A patient walks into their physician’s office and is told that they will have to get their blood pressure taken. They sit down and get the inflatable cuff wrapped around their upper arm. The patient’s blood pressure may then start to rise—in a phenomenon known as the “white coat syndrome”—triggered by nervousness about the procedure.
Current methods to capture vital signs such as blood pressure are not ideal. Traditional tests take a relatively long time (up to 30 seconds), and the patient risks arterial damage if they need to take their blood pressure frequently. As a result, scientists have been searching for alternative ways to capture these biometrics.
Engineers have built a potential solution: a device that takes blood pressure measurements non-invasively and in a matter of seconds. Better still, instead of a tight cuff around the arm, the device clips onto the patient’s fingertip and can be used from the comfort of home. It also reads other vital signs—heart rate, blood oxygen saturation, body temperature, and respiratory rate.
Richard Byfield, one of the device’s inventors from the University of Missouri College of Engineering, said: “Our device can record someone’s blood pressure within five seconds by using optical sensors placed on the fingertip that measure the amount of light reflected off the blood vessels underneath the surface of the skin.”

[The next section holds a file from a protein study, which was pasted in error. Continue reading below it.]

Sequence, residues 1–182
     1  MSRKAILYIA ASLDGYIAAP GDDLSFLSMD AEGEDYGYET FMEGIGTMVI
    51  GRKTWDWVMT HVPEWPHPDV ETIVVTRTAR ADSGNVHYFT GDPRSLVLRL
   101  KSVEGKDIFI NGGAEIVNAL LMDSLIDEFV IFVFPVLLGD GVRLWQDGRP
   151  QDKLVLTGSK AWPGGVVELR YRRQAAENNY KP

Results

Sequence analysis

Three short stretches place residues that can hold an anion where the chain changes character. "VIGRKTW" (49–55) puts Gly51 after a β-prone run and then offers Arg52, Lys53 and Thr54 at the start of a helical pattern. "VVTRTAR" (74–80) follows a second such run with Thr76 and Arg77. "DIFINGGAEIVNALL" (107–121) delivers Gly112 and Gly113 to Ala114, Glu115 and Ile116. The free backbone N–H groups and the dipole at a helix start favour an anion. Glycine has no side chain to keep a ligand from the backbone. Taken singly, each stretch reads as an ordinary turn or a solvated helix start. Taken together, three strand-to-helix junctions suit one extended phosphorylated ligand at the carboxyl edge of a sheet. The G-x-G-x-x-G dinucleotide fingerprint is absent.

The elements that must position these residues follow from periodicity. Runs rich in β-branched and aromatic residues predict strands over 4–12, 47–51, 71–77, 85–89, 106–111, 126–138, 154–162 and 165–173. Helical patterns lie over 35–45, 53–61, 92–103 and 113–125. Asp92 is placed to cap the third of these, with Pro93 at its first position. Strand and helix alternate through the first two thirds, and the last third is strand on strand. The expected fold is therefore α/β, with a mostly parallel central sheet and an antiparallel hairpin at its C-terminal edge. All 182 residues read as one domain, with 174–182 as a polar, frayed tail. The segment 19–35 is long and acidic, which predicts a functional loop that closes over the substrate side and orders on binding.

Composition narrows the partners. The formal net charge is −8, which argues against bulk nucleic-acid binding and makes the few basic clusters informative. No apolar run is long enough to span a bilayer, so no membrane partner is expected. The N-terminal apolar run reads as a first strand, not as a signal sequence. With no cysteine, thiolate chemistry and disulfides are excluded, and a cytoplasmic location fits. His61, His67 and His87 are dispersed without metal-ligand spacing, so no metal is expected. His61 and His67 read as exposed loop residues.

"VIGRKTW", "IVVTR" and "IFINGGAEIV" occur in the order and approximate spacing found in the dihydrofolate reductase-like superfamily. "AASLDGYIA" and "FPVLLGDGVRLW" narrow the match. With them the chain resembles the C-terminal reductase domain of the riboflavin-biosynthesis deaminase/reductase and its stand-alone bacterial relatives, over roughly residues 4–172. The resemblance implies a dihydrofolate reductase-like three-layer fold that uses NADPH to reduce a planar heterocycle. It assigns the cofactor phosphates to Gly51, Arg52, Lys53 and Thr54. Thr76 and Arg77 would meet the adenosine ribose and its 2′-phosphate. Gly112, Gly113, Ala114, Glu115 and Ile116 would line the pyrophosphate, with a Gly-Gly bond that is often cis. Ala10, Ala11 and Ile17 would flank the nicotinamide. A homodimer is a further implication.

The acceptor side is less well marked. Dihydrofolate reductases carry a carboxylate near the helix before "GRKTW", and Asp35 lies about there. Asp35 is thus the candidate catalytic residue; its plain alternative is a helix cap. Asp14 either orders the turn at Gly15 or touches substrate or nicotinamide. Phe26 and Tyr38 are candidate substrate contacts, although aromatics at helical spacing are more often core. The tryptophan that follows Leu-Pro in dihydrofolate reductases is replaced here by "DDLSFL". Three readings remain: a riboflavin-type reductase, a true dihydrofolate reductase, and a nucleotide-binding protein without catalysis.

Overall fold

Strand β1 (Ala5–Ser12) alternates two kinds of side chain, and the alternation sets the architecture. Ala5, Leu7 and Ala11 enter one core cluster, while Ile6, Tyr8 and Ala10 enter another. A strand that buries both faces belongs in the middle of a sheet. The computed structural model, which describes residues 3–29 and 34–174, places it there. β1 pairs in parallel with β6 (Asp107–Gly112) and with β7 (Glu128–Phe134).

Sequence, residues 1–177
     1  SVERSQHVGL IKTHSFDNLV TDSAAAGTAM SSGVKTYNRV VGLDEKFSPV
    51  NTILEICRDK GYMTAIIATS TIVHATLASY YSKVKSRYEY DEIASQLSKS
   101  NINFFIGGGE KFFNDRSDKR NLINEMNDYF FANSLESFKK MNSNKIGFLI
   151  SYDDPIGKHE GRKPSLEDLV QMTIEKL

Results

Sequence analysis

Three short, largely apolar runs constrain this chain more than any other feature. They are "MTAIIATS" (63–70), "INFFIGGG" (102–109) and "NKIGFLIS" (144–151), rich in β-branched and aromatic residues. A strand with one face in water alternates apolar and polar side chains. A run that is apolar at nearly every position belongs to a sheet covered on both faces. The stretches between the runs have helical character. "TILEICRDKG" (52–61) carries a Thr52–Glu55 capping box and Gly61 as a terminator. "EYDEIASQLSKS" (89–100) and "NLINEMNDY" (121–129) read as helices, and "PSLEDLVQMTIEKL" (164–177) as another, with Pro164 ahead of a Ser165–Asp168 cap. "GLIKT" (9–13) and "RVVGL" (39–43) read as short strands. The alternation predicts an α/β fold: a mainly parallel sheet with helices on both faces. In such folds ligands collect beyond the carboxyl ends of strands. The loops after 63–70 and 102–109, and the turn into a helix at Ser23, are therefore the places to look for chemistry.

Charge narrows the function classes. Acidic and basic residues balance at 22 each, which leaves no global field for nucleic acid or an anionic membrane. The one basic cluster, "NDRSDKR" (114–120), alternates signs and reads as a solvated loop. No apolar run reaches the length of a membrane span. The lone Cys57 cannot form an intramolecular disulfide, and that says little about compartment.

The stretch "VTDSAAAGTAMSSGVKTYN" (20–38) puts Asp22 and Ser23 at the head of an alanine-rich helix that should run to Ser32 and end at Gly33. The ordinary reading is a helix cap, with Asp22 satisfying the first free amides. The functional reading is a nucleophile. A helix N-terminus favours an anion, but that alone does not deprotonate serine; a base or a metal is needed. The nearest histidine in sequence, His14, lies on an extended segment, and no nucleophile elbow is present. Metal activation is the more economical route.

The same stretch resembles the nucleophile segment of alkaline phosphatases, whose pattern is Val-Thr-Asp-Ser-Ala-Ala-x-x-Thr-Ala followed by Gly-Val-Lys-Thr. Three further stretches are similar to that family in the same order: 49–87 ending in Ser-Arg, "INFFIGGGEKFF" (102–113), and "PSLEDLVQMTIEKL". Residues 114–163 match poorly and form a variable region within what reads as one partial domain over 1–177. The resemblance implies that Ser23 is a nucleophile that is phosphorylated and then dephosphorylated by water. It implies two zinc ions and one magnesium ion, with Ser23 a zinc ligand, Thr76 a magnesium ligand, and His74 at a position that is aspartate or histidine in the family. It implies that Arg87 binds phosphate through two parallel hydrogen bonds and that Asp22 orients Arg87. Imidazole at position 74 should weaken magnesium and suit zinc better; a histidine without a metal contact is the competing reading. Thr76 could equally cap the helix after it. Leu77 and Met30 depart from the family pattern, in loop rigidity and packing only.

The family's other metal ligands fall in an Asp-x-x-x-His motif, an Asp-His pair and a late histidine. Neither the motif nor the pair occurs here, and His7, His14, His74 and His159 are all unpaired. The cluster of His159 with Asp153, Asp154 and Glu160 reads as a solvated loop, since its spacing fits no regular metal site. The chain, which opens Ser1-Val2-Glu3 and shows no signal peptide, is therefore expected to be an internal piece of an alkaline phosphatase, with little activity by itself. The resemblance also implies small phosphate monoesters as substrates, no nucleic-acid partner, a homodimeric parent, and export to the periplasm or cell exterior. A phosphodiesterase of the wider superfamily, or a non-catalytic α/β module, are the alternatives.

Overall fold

The team’s device is powered by photoplethysmography, or PPG, a process that picks up how fast the blood is moving (or the pulse wave velocity) between two discrete points on the wearer’s fingertip. PPG is a prime choice for researchers developing new health monitoring technologies, given that it is a relatively uncomplicated and inexpensive way to capture cardiological metrics. The pulse wave velocity is transmitted to a computer wirelessly, where machine learning algorithms convert this data into a blood pressure output.
Byfield and colleagues put their new device to the test in a cohort of 26 participants. They found that their machine had a 90 percent accuracy rate for systolic blood pressure, or the pressure in your arteries when the heart beats. For the diastolic blood pressure (the pressure in the arteries between heartbeats) the device demonstrated a 63 percent accuracy rate. The researchers say that these differing accuracy values can be attributed to factors that can contribute to variations in diastolic blood pressure readings, such as weight, age, and artery stiffness.
Since releasing details on their technology, the researchers have patented their innovation and are presently adapting their device for use outside clinical settings. The team sees immense potential for their blood pressure measuring device both as an at-home health monitor and in hospitals and healthcare facilities where nurses are burdened with having to use multiple devices to capture all of a patient’s vital signs.
In addition, the team says that they see broader applications for the invention by programming the device to sense trends in vital sign changes associated with diseases such as COVID-19.